Is Workplace Culture the Right Kind of Revolution?

The wall of plexiglass, by ebt47563 (=)
The wall of plexiglass.  Photo courtesy of ebt47563.

Exactly how do you change organizational culture?  This is a good HBR article from June 2017 about attempt to change corporate culture from the bottom-up.  It’s a story about Dr. Reddy’s, a global pharmaceutical company based in India and led by G.V. Prasad.  The authors are Bryan Walker from IDEO and Sarah A. Soule from Stanford Business School.

Dr. Reddy’s process of culture change began with significant ground research to find out what their staff, providers and investors needed when dealing with customers.  They brought their goals down to four simple words that brought it all together: good health can’t wait.  Instead of selling the slogan through posters and speeches they chose to demonstrate their purpose through actions.  The initiative named projects in packaging, sales, and internal data to advance the new vision.  There were some immediate impacts.  One scientist broke a number of company rules and produced a new product in 15 days, having prioritized new efforts to match the vision.

The comparison to social movements is important, because movements start with an emotion rather than a call to action.  Movements start small, “with a group of passionate enthusiasts who deliver modest wins.”  Momentum builds through networks, penetrating power structures and leadership.

There are also “safe havens,” places where activists can behave differently from the dominant culture and discuss their goals.  In innovative organizations, research labs are often built as separate mico-organizations that cultivate change as prep-work for the larger organization.  This story resonates with me, because disruptive workforce analytics will occasionally fall of deaf ears.  The analysis needs to be created in a manner which partially ignores pre-existing agendas or presumptions of how things would normally be done.  The decision of whether to apply new ideas might belong within a more formal process, but when experimenting with messy new ideas, to be sequestered is ideal.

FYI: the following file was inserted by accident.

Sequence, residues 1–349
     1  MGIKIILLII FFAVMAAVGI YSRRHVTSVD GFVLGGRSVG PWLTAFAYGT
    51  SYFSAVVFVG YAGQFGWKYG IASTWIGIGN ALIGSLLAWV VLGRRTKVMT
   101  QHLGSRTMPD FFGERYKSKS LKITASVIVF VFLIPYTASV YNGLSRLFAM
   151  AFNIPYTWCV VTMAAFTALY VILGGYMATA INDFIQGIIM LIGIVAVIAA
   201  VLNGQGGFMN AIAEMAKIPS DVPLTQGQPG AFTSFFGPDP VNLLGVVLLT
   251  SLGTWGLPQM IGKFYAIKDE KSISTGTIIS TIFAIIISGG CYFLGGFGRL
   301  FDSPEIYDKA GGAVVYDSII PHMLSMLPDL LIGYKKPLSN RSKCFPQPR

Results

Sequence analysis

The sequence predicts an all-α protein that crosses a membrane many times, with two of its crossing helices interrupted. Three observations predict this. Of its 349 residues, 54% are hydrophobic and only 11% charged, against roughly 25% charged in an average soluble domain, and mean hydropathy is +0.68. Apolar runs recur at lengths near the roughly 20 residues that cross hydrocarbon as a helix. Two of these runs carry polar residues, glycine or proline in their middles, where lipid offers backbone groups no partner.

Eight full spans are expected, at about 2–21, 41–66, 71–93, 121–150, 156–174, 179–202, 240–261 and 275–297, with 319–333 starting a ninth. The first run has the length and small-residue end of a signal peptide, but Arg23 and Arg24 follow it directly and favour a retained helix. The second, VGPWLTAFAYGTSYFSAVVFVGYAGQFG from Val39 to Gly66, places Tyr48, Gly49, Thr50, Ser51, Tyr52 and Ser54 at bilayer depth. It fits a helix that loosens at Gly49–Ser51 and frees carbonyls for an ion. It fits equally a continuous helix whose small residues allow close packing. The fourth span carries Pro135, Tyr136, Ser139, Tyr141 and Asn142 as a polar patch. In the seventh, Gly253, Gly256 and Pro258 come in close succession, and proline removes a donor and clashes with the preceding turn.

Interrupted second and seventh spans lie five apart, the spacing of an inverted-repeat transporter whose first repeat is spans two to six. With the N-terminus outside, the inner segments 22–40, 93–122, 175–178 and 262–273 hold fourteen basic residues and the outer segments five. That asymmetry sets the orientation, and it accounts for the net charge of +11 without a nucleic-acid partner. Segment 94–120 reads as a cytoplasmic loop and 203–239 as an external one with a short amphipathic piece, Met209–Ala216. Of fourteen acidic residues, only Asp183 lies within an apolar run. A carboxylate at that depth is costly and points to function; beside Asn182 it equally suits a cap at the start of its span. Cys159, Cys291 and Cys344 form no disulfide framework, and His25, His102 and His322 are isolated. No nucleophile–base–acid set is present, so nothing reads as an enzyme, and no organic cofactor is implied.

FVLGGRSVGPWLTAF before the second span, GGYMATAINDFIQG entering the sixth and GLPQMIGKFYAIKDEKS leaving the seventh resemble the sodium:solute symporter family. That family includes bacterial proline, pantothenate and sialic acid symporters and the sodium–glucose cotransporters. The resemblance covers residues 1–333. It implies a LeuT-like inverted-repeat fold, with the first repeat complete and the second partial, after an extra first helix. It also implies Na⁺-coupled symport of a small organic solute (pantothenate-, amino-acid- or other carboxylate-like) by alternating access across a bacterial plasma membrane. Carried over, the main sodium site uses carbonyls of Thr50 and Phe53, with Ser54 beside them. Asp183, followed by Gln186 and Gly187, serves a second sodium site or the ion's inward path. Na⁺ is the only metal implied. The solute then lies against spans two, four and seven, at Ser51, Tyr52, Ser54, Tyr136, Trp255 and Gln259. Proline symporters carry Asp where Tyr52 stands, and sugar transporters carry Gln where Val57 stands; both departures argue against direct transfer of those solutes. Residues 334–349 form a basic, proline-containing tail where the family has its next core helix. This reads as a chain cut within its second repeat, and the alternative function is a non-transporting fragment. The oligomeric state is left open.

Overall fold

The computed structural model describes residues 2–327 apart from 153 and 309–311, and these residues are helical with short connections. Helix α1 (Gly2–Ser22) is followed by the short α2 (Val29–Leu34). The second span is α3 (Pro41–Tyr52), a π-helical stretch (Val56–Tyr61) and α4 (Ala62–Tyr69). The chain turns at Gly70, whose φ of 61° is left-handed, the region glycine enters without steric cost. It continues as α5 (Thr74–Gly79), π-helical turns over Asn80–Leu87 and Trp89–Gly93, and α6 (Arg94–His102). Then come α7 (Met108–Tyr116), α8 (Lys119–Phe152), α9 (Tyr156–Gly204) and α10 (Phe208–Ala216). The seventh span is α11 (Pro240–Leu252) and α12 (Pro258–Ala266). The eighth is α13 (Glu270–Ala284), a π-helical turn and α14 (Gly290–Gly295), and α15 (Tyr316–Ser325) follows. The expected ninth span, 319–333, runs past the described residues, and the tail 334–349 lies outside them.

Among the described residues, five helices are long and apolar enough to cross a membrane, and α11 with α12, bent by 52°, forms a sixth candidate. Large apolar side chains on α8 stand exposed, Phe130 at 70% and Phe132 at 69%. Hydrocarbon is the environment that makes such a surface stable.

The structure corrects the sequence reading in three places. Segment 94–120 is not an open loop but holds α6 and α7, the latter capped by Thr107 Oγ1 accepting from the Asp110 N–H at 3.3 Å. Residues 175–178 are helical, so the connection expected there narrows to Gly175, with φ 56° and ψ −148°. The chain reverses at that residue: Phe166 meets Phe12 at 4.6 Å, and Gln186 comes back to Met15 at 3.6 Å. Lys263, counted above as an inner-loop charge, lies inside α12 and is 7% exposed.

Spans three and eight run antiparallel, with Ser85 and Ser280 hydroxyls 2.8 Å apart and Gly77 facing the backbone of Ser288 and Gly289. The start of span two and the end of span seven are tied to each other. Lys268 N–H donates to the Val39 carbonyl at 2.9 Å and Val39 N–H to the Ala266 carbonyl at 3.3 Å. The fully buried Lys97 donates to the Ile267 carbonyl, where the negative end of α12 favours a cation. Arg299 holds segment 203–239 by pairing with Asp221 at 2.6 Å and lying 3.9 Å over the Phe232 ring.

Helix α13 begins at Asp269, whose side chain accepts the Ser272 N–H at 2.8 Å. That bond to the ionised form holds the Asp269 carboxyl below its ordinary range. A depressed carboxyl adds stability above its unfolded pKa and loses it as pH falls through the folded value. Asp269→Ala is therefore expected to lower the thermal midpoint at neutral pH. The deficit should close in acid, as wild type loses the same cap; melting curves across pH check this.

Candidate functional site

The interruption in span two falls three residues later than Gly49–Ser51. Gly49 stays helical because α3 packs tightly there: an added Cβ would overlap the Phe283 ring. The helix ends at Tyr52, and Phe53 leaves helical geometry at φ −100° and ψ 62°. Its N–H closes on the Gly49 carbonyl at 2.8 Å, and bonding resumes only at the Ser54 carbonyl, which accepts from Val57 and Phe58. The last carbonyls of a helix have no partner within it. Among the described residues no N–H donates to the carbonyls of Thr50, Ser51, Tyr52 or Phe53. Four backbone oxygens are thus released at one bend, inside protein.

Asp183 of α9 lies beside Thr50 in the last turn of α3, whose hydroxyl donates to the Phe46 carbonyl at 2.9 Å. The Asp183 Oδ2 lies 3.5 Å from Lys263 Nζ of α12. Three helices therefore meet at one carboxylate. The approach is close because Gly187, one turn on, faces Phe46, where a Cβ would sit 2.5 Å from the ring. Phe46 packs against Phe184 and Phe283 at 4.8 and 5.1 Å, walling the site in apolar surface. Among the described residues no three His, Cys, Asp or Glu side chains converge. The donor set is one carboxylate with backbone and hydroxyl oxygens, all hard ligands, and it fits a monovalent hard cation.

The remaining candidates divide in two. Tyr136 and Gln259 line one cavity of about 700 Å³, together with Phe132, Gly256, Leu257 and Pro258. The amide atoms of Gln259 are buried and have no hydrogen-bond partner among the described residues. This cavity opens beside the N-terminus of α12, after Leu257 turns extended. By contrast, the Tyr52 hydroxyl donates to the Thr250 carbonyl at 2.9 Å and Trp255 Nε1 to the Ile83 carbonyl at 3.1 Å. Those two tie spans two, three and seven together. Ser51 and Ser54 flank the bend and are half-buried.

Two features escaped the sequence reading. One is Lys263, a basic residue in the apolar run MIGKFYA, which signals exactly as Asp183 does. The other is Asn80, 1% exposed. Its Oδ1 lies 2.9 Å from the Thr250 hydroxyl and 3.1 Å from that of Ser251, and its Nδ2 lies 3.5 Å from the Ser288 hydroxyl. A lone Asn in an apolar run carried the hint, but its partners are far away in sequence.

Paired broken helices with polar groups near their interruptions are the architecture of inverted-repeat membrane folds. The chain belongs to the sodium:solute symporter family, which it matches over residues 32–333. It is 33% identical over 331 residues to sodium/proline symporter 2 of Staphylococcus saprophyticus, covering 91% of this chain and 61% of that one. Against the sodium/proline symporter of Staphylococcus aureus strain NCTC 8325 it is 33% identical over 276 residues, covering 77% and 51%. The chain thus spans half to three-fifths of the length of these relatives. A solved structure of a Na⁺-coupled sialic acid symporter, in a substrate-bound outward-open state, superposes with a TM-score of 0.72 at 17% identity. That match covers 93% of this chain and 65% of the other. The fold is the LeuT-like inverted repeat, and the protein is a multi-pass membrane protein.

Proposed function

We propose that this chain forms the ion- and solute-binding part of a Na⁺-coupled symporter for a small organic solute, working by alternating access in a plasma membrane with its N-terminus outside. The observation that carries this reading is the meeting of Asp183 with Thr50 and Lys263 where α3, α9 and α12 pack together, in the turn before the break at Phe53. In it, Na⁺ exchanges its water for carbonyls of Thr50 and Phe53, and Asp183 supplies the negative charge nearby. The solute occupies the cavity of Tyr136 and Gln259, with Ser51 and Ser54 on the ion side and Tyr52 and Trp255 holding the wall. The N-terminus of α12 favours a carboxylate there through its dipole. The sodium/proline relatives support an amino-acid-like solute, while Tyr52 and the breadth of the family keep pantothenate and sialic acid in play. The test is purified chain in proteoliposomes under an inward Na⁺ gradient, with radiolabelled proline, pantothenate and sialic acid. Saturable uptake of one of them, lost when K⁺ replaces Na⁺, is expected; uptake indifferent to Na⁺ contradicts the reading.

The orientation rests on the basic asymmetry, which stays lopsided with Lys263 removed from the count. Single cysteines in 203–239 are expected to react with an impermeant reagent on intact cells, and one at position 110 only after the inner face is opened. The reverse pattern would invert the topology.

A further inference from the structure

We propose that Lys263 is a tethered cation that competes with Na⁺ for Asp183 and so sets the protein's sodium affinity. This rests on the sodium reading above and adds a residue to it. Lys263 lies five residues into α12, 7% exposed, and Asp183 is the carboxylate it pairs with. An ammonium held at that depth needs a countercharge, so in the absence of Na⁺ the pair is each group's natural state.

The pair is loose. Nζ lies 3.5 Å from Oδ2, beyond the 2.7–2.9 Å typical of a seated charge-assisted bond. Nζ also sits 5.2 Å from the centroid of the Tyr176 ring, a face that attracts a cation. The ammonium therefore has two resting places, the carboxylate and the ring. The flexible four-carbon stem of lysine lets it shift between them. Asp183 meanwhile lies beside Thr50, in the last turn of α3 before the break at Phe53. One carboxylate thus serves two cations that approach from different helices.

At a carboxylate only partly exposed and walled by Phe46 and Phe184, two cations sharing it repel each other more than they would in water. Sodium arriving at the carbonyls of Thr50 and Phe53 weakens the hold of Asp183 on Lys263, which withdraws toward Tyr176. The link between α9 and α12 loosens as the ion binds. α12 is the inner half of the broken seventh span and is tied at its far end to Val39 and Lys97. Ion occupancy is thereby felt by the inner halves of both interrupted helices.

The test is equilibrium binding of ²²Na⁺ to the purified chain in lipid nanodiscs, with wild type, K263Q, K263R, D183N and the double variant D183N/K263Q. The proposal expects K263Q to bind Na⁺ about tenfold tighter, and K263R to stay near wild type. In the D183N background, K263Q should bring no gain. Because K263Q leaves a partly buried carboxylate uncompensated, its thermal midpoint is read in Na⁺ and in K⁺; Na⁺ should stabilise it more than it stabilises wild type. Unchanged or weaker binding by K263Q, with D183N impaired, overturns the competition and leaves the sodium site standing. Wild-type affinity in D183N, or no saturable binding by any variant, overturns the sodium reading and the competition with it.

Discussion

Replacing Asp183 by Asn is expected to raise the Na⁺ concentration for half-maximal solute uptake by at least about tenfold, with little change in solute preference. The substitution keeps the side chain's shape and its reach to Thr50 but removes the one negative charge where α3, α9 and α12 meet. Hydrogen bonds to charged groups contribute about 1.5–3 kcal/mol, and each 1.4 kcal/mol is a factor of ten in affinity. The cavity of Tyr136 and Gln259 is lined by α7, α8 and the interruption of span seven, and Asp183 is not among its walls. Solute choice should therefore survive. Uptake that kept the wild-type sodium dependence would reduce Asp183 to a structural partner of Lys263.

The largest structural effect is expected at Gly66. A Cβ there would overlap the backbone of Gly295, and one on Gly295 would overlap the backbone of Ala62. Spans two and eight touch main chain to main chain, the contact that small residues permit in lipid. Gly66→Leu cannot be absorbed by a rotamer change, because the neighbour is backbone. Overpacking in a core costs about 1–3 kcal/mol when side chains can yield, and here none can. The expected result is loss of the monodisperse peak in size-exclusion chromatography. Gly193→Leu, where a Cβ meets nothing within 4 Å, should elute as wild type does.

Beyond the HBR article two additional models are appropriate to discuss the nature of change.

Innovating Technology and Trends Through Social Networks

The first model is the diffusion of innovations as described by Everett Rogers.  In this model, there is a small avant-garde of weirdos who just get into stuff that is new and interesting.  That crowd of innovators will not have the full opportunity to make money or make it big.  But their new findings diffuse through social networks, based on peoples’ network connections and their readiness to consider new ideas.

There are several hold-outs, such as the laggard crowd who resists change until it is impossible to do so.  The biggest difficulty is the early-stage challenge of “Crossing the Chasm” where the new idea has won-over a small crowd of early-adopters who are about 13.5% of the population.  The challenge is that sometimes there’s something about the new idea that doesn’t mesh with the next crowd, the early majority.  Some examples might be that the new technology has a difficult user interface, or the social trend is incompatible with the conventional lifestyle of those in the burbs.

In my opinion, the classic example of this challenge is the hands-free bluetooth headset that you see people wearing when they’re talking on the phone while walking down the street.  The technology has been in public for more than fifteen years and our first instinct is still that we want the caller to get professional help.  And that’s if you’re not also angry at them about a misunderstanding.